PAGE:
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Paper accepted for presentation at 2003 IEEE Bologna Power Tech Conference, June 23th-26th, Bologna, Italy

Power system planning under uncertainty conditions. Criteria for transmission network flexibility evaluation P. Bresesti, A. Capasso, Senior Member IEEE M.C. Falvo, Student Member IEEE, S. Lauria Member IEEE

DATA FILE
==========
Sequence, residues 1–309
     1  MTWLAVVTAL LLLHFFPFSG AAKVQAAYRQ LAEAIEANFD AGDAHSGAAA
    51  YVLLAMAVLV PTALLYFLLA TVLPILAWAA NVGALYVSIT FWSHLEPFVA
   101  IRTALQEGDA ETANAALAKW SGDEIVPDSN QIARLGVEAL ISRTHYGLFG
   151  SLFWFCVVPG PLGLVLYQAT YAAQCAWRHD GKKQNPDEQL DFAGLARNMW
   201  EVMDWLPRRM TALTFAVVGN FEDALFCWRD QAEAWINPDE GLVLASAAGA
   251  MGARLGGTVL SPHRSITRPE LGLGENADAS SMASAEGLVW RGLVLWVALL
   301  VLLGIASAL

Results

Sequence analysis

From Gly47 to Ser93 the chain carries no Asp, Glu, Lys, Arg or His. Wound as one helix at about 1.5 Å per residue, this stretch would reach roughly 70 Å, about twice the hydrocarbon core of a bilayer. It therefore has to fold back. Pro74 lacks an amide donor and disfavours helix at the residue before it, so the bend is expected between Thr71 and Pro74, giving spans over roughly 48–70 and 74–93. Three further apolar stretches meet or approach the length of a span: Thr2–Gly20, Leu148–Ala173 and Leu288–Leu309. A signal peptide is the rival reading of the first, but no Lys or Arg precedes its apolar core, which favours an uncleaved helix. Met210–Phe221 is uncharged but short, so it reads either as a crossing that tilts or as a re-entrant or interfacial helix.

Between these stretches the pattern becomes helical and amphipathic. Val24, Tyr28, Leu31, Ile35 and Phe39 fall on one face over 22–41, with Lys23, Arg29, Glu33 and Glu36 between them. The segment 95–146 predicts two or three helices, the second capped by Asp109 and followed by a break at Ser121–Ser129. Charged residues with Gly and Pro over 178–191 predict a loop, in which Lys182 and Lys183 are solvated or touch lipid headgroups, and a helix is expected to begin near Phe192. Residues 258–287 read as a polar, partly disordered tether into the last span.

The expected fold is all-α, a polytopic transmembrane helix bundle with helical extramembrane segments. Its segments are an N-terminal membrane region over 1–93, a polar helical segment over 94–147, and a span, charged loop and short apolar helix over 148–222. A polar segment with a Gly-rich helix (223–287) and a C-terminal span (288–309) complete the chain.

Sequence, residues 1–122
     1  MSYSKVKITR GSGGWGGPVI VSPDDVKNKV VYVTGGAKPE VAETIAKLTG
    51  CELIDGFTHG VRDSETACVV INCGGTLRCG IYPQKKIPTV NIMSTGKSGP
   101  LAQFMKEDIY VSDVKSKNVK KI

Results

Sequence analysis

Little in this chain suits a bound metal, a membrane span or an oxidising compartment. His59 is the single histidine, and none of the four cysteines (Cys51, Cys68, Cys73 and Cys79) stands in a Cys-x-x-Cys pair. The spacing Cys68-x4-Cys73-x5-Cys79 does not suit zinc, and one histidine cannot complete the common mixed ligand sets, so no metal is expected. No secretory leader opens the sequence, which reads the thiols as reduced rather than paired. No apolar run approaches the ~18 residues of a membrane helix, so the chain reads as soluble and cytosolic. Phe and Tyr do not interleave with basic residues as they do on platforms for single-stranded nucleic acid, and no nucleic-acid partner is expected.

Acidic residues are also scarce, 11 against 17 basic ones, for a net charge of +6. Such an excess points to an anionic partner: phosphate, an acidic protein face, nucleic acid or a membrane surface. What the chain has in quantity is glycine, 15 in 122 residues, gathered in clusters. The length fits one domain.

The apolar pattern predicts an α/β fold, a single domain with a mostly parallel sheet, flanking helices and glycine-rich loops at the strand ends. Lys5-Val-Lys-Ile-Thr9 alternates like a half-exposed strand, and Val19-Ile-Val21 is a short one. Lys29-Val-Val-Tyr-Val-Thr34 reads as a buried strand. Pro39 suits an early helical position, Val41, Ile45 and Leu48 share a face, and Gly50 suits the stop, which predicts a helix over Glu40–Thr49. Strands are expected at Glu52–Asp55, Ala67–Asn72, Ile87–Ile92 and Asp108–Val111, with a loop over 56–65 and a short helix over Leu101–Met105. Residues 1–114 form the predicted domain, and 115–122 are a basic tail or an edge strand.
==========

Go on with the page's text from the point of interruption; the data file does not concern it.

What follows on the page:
Abstract - In a free-market scenario, power system planning has to deal with a significant degree of uncertainty about time and location of generating assets expansion. A methodology for the evaluation of the attitude of the transmission system to keep up a desired standard of reliability under such uncertainty (that is, flexibility) is presented. The method, relying on the Monte Carlo simulation approach, is applied to check the effectiveness of a flexibility index, based on structural as well as operational network parameters. The results of tests carried out on simple networks and on IEEE RTS are reported showing the encouraging agreement between the probabilistic simulations and the proposed index. Keywords – Power transmission planning, reliability, Monte Carlo methods, open-access, uncertainty, flexibility I. INTRODUCTION Bulk electric power systems are currently experiencing significant changes, in both the operational and economic spheres, due to the liberalization of the electric energy market. In an open-access scenario, in fact, vertically integrated utilities are superseded, after 'unbundling', by independent new entities, managing generation and transmission separately. As a consequence, the constraints imposed on the planner in order to ensure the required levels of quality and continuity of supply are also changing. Planners are most notably affected by the much-increased uncertainty about siting, sizing and commissioning of new power plants, i.e. about growth of generation as a whole. Today's generation scenarios, in the planner's view, change quite rapidly due the short commissioning times of com___________________________________ This work was supported by the Italian Ministry of Industry, Commerce and Handicraft within the activity Ricerca di Sistema DM 17/04/2001, 28/02/2003. P. Bresesti, is with CESI - Centro Elettrotecnico Sperimentale Italiano, Milan, Italy (e-mail: [email protected]) A. Capasso, S. Lauria, M. C. Falvo are with University of Rome "La Sapienza", Electrical Engineering Dept., Rome, Italy. (e-mail: [email protected]).